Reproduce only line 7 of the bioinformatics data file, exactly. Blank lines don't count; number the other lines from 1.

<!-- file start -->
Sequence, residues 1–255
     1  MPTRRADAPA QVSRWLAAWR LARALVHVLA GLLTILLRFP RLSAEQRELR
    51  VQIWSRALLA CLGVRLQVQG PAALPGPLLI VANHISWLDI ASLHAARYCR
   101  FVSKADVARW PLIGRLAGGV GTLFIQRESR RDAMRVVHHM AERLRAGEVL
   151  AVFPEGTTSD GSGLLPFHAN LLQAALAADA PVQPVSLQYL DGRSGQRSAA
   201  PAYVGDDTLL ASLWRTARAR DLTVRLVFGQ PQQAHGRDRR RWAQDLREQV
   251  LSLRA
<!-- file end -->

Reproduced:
   251  LSLRA